March 1, 2005
Spring creek is just one of the many new developments in Zion Crossroads. Over the next 20 years, officials predict both the business and housing communities to increase exponentially.
A group from the community raised several concerns about the growth affecting the water supply and environment, particularly at spring creek.
"We've done testing," said Fitzgerald A. Barnes, Chairman of the Louisa County Board of Supervisors. "We've had a lot of work put into this and with our results right now we feel that residents will be safe, that they will have the amount of water that they need."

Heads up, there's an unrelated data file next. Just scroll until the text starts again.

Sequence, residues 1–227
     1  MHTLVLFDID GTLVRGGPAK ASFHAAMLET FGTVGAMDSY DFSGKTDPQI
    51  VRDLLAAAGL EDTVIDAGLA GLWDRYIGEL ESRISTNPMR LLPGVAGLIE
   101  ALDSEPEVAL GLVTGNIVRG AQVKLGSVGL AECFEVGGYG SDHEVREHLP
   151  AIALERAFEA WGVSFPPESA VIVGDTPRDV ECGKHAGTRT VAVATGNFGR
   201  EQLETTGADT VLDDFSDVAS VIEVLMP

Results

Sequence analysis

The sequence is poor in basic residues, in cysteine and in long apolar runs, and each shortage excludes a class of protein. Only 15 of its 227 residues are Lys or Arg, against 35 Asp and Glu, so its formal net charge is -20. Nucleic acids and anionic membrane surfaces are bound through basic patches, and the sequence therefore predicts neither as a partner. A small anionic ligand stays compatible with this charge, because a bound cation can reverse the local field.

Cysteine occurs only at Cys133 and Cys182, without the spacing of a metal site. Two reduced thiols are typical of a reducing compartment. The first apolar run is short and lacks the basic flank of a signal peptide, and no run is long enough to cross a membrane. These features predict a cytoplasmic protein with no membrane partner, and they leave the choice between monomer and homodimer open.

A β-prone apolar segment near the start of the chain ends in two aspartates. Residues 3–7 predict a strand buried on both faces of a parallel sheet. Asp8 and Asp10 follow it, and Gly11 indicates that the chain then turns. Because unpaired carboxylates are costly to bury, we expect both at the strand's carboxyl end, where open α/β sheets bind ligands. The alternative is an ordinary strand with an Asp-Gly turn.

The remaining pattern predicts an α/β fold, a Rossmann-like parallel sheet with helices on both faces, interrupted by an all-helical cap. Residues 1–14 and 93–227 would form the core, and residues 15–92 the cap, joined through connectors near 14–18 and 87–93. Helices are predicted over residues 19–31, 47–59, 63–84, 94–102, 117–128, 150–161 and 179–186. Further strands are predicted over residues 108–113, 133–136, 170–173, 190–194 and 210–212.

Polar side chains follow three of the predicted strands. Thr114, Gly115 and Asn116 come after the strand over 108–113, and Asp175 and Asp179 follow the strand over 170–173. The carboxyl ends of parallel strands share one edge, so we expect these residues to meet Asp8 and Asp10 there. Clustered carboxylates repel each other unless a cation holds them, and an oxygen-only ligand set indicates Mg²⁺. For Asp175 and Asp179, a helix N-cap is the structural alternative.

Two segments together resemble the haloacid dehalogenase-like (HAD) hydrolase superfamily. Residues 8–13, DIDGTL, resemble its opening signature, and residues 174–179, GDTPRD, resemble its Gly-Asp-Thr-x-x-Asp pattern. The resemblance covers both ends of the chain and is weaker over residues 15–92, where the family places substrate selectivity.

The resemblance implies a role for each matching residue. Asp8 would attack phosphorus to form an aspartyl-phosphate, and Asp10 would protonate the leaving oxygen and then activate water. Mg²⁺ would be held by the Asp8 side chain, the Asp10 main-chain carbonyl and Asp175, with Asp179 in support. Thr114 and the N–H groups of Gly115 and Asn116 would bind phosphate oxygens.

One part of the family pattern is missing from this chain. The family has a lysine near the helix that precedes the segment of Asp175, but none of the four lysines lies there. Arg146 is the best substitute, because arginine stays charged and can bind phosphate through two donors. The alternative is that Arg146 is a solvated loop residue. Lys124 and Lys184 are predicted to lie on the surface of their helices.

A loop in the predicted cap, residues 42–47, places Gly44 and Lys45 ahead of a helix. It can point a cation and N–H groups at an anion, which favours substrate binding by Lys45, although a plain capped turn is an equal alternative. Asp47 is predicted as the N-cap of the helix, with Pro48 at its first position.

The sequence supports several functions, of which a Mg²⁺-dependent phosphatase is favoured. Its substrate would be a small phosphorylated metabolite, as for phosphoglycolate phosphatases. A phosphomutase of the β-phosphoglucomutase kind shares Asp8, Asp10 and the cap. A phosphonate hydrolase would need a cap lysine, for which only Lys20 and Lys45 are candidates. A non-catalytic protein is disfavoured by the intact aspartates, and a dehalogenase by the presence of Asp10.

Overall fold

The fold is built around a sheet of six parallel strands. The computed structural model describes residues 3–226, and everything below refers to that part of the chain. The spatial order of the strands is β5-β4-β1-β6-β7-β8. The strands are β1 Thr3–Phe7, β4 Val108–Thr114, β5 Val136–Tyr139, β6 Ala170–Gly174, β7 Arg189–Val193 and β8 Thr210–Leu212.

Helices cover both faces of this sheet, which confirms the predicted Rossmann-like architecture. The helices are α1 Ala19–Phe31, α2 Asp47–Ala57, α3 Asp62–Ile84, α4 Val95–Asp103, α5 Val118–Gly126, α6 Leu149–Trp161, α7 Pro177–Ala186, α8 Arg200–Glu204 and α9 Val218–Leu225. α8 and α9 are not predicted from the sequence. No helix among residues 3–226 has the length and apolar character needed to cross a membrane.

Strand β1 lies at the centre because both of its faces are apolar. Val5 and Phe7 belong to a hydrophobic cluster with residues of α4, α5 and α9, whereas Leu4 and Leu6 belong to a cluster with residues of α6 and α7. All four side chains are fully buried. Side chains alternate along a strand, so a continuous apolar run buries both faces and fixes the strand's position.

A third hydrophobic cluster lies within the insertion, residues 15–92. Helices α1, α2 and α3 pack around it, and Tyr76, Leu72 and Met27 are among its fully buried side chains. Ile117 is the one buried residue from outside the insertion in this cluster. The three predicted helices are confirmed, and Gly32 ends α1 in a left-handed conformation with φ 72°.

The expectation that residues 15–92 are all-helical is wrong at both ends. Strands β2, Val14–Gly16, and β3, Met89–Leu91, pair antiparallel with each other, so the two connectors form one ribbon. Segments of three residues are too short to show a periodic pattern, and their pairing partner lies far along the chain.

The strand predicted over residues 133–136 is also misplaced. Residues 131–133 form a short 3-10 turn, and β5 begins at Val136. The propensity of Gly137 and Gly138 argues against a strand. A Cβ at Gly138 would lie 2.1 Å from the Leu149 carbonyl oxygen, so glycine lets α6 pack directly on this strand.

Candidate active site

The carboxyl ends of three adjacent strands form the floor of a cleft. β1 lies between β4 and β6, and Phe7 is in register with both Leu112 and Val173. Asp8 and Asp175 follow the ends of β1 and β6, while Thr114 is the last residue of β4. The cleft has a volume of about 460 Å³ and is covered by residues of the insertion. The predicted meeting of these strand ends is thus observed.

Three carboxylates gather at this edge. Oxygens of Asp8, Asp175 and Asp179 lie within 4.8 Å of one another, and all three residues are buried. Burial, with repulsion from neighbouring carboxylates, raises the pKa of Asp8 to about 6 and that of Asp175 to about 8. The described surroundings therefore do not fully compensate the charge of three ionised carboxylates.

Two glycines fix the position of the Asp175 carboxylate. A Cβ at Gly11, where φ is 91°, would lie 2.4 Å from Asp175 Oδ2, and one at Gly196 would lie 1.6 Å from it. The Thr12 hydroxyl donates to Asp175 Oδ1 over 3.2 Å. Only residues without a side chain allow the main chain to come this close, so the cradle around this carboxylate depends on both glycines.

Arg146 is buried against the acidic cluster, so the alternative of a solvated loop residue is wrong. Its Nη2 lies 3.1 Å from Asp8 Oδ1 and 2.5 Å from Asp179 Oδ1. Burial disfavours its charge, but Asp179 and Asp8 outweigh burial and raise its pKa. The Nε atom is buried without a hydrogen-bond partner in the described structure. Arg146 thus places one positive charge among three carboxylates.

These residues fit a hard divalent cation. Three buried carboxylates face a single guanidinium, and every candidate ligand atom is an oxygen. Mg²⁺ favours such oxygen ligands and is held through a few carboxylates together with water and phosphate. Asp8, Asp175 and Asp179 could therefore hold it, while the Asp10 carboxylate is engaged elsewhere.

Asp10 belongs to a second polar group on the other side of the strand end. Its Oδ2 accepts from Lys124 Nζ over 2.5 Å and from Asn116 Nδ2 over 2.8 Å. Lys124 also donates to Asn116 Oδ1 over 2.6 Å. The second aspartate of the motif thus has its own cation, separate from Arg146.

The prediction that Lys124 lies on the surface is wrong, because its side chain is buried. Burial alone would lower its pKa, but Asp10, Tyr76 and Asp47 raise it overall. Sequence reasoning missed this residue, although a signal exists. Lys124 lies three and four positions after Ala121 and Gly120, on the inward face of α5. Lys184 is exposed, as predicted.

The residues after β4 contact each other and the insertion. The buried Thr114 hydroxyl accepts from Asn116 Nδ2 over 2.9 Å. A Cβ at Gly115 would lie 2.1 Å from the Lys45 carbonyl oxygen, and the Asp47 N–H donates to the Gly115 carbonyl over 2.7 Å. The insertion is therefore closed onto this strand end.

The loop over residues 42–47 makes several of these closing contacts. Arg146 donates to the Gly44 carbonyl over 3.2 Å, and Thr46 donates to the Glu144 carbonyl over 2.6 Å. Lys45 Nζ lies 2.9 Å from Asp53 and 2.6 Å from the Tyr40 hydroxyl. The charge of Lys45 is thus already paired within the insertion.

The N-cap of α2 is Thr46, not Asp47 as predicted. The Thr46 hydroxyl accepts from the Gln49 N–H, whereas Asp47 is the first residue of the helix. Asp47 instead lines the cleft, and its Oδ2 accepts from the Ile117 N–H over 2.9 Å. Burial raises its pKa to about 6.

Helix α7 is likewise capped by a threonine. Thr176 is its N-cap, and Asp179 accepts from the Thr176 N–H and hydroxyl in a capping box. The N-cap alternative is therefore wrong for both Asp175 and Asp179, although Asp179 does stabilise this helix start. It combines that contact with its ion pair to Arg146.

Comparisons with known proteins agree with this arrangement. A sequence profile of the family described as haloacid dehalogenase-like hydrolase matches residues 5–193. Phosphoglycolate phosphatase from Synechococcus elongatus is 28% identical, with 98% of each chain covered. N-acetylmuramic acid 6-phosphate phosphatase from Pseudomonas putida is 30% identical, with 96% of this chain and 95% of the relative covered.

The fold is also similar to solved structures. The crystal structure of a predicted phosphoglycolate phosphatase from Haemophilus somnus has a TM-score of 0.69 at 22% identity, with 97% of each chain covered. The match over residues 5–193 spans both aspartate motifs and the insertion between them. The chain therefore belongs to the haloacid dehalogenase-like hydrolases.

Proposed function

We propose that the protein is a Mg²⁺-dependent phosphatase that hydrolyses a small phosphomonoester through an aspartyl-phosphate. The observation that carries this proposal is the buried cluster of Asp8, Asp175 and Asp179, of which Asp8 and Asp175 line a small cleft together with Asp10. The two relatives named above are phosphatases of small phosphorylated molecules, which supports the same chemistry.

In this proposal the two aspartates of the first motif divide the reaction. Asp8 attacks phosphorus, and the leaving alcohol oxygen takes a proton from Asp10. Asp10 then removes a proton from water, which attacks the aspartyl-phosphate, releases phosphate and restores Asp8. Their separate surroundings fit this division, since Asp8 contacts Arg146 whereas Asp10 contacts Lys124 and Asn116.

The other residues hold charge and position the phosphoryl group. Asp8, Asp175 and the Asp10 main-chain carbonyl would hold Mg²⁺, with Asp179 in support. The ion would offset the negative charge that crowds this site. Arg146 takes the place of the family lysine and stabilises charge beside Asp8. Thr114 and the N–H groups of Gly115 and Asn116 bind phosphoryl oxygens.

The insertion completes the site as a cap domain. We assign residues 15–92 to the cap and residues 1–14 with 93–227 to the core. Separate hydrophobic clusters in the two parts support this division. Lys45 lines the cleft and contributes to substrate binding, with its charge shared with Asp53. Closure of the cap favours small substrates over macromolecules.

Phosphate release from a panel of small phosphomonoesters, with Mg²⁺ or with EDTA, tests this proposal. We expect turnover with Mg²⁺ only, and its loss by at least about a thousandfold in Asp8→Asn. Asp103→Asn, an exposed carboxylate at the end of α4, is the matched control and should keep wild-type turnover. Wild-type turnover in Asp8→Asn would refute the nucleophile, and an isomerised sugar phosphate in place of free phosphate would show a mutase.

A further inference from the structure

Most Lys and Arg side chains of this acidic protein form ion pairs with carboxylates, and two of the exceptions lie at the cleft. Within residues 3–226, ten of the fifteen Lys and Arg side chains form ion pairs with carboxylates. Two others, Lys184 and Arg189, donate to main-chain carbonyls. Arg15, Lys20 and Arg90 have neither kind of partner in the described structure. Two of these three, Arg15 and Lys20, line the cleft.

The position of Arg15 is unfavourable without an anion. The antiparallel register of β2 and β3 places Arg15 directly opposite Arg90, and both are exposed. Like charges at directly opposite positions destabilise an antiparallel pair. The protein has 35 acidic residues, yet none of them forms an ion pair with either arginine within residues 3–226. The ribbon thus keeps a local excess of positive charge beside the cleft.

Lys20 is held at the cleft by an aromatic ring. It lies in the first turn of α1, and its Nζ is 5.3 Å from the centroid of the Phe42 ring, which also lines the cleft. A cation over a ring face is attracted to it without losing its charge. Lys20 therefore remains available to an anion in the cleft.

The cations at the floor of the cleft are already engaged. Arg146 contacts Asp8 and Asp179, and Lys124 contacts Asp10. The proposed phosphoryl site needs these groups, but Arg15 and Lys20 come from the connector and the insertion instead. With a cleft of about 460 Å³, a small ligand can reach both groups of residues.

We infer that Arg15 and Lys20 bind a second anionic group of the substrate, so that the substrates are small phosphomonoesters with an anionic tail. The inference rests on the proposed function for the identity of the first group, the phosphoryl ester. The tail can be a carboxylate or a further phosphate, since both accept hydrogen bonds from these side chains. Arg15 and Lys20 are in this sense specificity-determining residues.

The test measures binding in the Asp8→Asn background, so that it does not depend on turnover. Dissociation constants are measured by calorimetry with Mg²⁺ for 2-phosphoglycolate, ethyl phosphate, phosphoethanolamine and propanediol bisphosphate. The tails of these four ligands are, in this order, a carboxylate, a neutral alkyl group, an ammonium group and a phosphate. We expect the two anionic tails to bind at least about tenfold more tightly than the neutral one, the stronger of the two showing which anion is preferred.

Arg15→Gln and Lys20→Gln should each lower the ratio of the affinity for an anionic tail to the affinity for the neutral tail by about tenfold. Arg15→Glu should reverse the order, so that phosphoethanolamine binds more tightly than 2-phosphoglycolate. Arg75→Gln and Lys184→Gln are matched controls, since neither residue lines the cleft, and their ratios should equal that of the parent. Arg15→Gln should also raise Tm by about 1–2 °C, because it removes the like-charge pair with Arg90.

Some local residents say they haven't felt the impact of new development on the water supply.
"So far it hasn't affected us," said Louisa resident Barry Johnson.
But still others aren't sold on the plans for long-term water allotment.
"If the trend is moving towards rapid development, then it's going to need to be controlled and there's going to need to be a plan to deal with it at that point," said Lake Monticello resident Tim Irvin.
In the past many Green Springs residents, who make up the Historic Green Spring, Inc, successfully kept out a state prison and mining company. This same group is a watchdog on the Spring Creek project.
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